Trump Defends Visa Requirement, Baselessly Claims Gang Members Coming From Bahamas

President Donald Trump seemed to contradict his acting Customs and Border Protection head Monday over what would happen to Bahamian refugees landing in the US without proper documentation.

Trump told reporters outside the White House that anyone seeking refuge in the wake of Hurricane Dorian "needs totally proper documentation."

In particular, Trump expressed concern over "people going to the Bahamas who weren't supposed to be there."

"I don't want to allow people that weren't supposed to be in the Bahamas to come into the United States including some very bad people," he added, referring specifically to gang members and drug dealers who fled to the islands.

    It was not immediately clear what Trump was referring to.

    Mark Winder of Tampa, Florida, embraces his niece, Gabriella Winder, 10, as she and her family arrive in Riviera Beach, Florida, from the Bahamas on Saturday, September 7.

    At least 45 people are dead, hundreds are missing and some 70,000 are homeless in the wake of Hurricane Dorian, which wreaked havoc over the islands for two days.

    Earlier Monday, Trump's acting Customs and Border Protection head Mark Morgan said that the US is still vetting and processing Bahamians attempting to come into the US who lack documentation.

    "If your life is in jeopardy and you're in the Bahamas and you want to get to the United States, you're going to be allowed to come to the United States, whether you have travel documents or not," he told reporters during a press briefing at the White House.

    On Sunday night, about 130 individuals seeking to evacuate the Bahamas were kicked off a ferry heading to the Florida. The ferry operator, who had promised to take them to the US, blamed red tape with US immigration authorities, announced only those with valid US visas would be able to continue on.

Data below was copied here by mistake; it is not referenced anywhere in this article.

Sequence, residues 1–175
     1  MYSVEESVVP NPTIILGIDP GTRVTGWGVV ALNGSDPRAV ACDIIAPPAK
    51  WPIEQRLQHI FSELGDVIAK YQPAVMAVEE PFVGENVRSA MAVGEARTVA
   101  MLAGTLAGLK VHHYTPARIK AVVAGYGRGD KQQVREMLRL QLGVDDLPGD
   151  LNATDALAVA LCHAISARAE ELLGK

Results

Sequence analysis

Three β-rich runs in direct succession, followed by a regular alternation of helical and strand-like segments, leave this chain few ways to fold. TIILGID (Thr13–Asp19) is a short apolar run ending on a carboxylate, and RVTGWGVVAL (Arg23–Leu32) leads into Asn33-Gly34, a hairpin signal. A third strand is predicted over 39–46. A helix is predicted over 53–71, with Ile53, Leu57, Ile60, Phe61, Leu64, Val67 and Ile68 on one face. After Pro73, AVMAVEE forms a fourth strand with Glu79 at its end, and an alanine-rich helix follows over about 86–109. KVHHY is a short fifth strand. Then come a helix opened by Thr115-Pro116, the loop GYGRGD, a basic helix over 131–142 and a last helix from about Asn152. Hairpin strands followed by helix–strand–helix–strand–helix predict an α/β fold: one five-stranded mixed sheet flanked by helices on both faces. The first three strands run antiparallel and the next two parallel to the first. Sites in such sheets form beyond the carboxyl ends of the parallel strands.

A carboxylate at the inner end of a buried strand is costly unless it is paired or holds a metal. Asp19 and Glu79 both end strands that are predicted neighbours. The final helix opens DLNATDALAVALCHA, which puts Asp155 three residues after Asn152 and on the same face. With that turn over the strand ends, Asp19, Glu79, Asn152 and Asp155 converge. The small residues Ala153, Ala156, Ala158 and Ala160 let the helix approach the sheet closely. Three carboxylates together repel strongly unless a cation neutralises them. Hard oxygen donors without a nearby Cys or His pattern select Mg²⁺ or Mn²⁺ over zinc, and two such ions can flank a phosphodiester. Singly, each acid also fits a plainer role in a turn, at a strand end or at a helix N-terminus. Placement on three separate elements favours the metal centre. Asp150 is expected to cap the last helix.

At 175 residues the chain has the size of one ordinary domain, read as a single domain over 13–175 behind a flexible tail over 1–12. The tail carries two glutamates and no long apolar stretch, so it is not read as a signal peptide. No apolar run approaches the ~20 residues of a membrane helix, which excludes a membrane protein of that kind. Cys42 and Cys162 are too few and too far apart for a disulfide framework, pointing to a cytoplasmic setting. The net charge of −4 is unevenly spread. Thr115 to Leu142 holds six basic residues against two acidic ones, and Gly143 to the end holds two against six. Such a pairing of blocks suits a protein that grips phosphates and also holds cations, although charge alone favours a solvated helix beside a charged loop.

Morgan said Monday that the US is expediting the processing for Bahamians to enter the US as they seek refuge.

    A group of evacuees from Haiti wait for transportation as they clear customs at Homestead Air Reserve Base, Florida, in January 2010.

    "But keep in mind, there are still people that are inadmissible to this country," Morgan said.

    Those individuals, he said, would be processed as they normally would under other conditions, which could include relocation to Immigrations and Customs Enforcement custody.

    Morgan also blamed the ferry incident on confusion.

    "You can imagine in any type of natural disaster like this where you have this huge disaster, a lot of resources going on and responding, there's going to be some confusion," Morgan said. "What I will say is, that's what it was."

      The acting CBP chief said he believes it would be "appropriate" to extend Temporary Protected Status to Bahamians affected by Hurricane Dorian and suggested he would likely speak to Trump about it at some point, although he said he hasn't yet.

      "There hasn't been any formal grant of TPS," he said. "I think that would be appropriate, to have that circumstance."

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